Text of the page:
They say they want a centrist candidate to end partisan wrangling, in a political environment where only 1 of the two parties has explicitly disavowed bipartisanship. Look at the statements by Rush Limbaugh and moreover Mitch McConnell: There was the time, shortly before the midterm election, that he said that “the single most important thing we want to achieve is for President Obama to be a one-term president.” There was the time he told the Atlantic’s Josh Green that “We worked very hard to keep our fingerprints off of these proposals, because we thought – correctly, I think – that the only way the American people would know that a great debate was going on was if the measures were not bipartisan."

If these were mere missteps, McConnell’s communications staff would’ve scolded him and told him to be more careful with the press. But they’re not. On Tuesday, McConnell sat down with Politico’s Mike Allen for a free-ranging discussion on politics. Here’s what he said:

MCCONNELL: If the president is willing to do what I and my members would do anyway, we’re not going to say no and –

ALLEN: But that’s not much of a concession. That’s not bargaining, to just give you what you want.

MCCONNELL: Um, I like to think I’m a pretty good negotiator.   And for direct evidence, [look at the time path of cloture votes](http://www.theatlantic.com/politics/archive/2012/04/pushback-on-false-equivalence-and-the-filibuster/255634/).  

It would be one thing to call for less partisan wrangling if both sides were truly doing it. But they are not: the Dems met with the Gang of Six (Six! Only six Republican Senators willing to discuss compromise) for months before the Republicans snatched the football away like Lucy for the umpteenth time. The supposed centrism of Americans Elect is horseshit. That they are funded to the tune of millions is cause for reasonable suspicion. Patriotic Americans will respond accordingly.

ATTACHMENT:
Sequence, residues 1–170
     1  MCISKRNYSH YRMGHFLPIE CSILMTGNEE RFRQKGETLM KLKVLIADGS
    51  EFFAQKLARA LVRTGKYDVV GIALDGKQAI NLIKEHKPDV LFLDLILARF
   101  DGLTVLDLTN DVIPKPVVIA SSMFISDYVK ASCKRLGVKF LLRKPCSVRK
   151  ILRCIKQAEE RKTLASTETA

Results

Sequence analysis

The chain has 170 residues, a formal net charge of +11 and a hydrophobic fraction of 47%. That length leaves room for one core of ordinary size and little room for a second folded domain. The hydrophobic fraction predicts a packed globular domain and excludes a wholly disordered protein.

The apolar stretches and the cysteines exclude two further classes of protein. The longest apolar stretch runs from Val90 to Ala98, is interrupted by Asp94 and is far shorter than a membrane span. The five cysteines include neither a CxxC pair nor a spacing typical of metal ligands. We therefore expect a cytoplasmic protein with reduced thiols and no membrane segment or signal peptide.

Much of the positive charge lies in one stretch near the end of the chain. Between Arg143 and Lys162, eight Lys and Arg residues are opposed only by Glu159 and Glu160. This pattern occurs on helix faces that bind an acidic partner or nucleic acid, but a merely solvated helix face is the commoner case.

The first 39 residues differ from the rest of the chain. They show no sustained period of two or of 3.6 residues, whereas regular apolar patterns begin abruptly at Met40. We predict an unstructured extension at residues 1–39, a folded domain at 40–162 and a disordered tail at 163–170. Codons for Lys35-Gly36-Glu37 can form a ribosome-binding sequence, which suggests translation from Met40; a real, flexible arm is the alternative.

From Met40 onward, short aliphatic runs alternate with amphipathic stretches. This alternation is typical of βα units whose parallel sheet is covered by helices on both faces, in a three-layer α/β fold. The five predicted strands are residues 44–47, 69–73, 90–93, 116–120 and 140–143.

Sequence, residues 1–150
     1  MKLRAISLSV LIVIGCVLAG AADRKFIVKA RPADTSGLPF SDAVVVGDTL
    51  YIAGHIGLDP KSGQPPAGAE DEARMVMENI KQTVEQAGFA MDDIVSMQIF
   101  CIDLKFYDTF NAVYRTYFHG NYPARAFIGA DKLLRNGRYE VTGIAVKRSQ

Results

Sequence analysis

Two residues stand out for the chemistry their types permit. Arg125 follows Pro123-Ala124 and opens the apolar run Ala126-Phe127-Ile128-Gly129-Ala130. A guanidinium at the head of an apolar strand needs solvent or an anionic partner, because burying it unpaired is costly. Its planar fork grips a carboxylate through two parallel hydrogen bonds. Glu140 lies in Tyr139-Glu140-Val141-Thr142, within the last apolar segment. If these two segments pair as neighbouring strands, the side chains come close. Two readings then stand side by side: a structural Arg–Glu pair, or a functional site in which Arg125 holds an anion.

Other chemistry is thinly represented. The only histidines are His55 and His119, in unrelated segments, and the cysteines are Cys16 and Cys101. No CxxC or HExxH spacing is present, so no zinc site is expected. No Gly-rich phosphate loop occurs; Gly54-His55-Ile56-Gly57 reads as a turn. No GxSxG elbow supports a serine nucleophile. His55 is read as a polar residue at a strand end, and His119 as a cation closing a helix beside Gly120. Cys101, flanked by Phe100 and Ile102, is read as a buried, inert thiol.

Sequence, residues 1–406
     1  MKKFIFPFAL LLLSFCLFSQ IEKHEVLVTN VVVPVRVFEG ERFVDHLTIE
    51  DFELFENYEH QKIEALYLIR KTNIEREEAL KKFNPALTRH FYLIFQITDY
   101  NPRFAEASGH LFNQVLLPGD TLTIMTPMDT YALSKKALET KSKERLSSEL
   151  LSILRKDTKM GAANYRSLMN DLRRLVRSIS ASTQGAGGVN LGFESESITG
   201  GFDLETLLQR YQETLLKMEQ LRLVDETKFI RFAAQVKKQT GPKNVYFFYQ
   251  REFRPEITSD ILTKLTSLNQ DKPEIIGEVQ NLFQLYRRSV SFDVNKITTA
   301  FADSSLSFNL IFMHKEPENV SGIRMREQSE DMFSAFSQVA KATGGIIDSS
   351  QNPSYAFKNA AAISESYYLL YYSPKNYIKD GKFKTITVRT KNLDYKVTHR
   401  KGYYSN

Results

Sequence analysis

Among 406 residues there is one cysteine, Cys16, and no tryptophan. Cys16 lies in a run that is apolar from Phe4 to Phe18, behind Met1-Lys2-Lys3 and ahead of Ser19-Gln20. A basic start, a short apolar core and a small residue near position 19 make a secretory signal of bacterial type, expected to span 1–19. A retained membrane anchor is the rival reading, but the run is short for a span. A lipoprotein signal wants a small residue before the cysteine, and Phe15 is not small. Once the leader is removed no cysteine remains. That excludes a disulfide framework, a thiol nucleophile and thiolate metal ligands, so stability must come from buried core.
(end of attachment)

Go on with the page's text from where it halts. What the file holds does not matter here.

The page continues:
That said, they represent a pretty good opportunity for third parties ready to take things to the next level. No libertarian will win the Presidency in 2012, but they might be able to secure greater voice in the process.

They’ve thought of that. Only Designated candidates are eligible to be nominated. So Ron Paul will only be nominated if he declares himself a candidate. The Draft column would only be relevant if it tallied in the millions or in the tens of thousands if a mailing list candidate like Gingrich was involved. So it looks like it will be Buddy Roemer, unless a groundswell of support appears from somewhere. Which it might. I hope so.

The Libertarian will beat the AE, since the Libertarian party has a platform, and AE does not. “We’re not any of the people who aren’t us!” doesn’t constitute a platform.

I think the impulses that lead to things like America Elects are best described in this great essay by Peter Frase:

It’s a shady cabal of the ultra-rich trying to convince the rest of us that horrible “partisanship” is the reason none of our politicians have the courage to slash Social Security and Medicare and other programs that don’t benefit them.

wring has part of the story. There are other factors at work as well. The constitution wasn’t designed around parties: it was based on consultations among various parties acting in good faith. But that train has left the station and tea partiers believe that compromise is evil. Of course that’s nonsense: you can have strong principles, but still believe in political compromise: it’s part of -you know- sharing a country with other people.